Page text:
Skip to main content
Part of complete coverage on

Explorer: Underwater pirates looted what he says is likely Santa Maria

By Ashley Fantz, Jethro Mullen and Haimy Assefa, CNN
May 15, 2014 -- Updated 1250 GMT (2050 HKT)
STORY HIGHLIGHTS
  • Explorer says ship he believes is Santa Maria has been partially looted
  • Barry Clifford says he doesn't seek money, wants Haiti to protect what he's found
  • Haiti prime minister: If wreck is Santa Maria, discovery would be of 'great importance' to nation

(CNN) -- An underwater explorer who says he's confident he's discovered the Santa Maria, Christopher Columbus' flagship, said Wednesday that there's evidence that the ship has been looted.

During a news conference, 68-year-old Barry Clifford said that the remains of the possible ship off the coast of Haiti probably hold "a great deal of cultural material" but that he and his team of divers can tell that thieves have disrupted the wreck and taken things.

When asked when the ship might have been looted, Clifford said he didn't know. "Something might have been done several months ago, maybe a couple years ago, I'm not sure," he said.

Clifford says he wants the Haitian government to act as soon as possible to help preserve the what he says is the ship's remains.

He also wants the Haitian government to give him permission to continue to study the wreckage. "I'm not looking for money," Clifford said. "I'm looking for the government (of Haiti) to protect this."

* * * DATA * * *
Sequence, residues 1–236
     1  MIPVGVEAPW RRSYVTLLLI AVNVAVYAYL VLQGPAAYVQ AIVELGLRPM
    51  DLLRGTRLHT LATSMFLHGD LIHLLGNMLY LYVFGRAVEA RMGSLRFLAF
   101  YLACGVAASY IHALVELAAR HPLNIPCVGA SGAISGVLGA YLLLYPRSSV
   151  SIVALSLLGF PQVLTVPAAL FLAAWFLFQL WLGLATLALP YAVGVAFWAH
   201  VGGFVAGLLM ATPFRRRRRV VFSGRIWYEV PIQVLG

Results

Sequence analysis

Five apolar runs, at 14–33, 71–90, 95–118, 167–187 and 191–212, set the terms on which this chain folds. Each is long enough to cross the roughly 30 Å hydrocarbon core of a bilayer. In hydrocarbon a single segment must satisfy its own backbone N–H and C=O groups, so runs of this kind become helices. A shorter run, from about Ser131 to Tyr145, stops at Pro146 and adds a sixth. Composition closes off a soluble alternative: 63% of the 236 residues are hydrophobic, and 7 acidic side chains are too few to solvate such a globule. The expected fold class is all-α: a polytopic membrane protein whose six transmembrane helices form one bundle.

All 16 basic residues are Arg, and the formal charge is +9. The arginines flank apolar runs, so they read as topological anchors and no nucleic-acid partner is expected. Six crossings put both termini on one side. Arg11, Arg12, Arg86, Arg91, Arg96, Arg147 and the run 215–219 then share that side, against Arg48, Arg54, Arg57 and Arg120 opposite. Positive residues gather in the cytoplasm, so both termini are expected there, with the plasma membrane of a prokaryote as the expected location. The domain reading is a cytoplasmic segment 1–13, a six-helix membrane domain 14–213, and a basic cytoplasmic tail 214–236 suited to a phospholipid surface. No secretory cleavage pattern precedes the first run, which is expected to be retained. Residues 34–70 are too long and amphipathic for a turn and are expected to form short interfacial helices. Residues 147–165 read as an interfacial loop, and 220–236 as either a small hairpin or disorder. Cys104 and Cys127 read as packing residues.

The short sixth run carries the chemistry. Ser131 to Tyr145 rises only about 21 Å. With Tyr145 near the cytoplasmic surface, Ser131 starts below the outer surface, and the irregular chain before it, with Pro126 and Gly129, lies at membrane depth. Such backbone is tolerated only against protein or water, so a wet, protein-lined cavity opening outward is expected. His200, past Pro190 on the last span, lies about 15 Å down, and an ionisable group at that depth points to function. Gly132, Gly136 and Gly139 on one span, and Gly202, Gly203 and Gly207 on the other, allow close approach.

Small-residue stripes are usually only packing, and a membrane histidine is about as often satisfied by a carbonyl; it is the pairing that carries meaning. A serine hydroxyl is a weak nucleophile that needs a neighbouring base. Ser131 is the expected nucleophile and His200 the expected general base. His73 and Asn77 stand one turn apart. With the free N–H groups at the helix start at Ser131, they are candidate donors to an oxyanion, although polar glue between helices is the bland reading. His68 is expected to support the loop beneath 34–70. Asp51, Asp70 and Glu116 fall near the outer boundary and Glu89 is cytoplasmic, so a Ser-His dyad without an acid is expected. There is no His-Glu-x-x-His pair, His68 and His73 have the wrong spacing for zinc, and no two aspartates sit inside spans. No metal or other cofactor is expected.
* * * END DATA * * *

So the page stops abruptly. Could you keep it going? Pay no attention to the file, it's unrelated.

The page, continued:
Could sunken wreck be Columbus' ship?
Sunken ship may be Columbus'
2013: 1913 shipwreck found in lake
The location of the Santa Maria, Christopher Columbus' flagship for his journey to the new world, has remained a mystery since it ran aground in late 1492. Underwater explorer Barry Clifford believes these are the remains of Columbus' Santa Maria off the coast of Haiti. The location of the Santa Maria, Christopher Columbus' flagship for his journey to the new world, has remained a mystery since it ran aground in late 1492. Underwater explorer Barry Clifford believes these are the remains of Columbus' Santa Maria off the coast of Haiti.
History's biggest mysteries
HIDE CAPTION
<<
<
1
2
3
4
5
6
7
8
9
10
11
12
>
>>
Photos: History\'s biggest mysteries Photos: History's biggest mysteries

He said that whatever his team does next must be coordinated through the Haitian government.

A CNN team was in Haiti on Wednesday and asked the senior adviser to the country's prime minister about Clifford's claims.

Adviser Damian Merlo said in an e-mail that officials did not know whether the wreck was indeed the Santa Maria.

Merlo said Prime Minister Laurent Lamothe said that if Clifford's claims are correct, "it would be of great importance, not only for Haiti, but for world history."

"We need to ensure the site is handled properly to protect any archeological findings," Lamothe said, according to Merlo.

Clue from another wreck

Clifford is an experienced explorer, according to the History Channel website, which described him as "one of the world's premiere underwater archaeologists."

His assertion that he's probably found the Santa Maria is tied to a shipwreck he and his team investigated in 2003. A cannon was found as part of the first wreck. But, Clifford told CNN, archaeologists at the time "misdiagnosed" the cannon.

Two years ago, after having researched the type of cannon used in Columbus' time, "I woke up in the middle of the night and said, 'Oh, my God,' " Clifford said. He realized the 2003 find might have been the one.

A couple of weeks ago, he returned to the wreck with a group of experts. The team measured and photographed the ship. But some items, including the cannon, had been looted from the ship in the intervening years, Clifford said.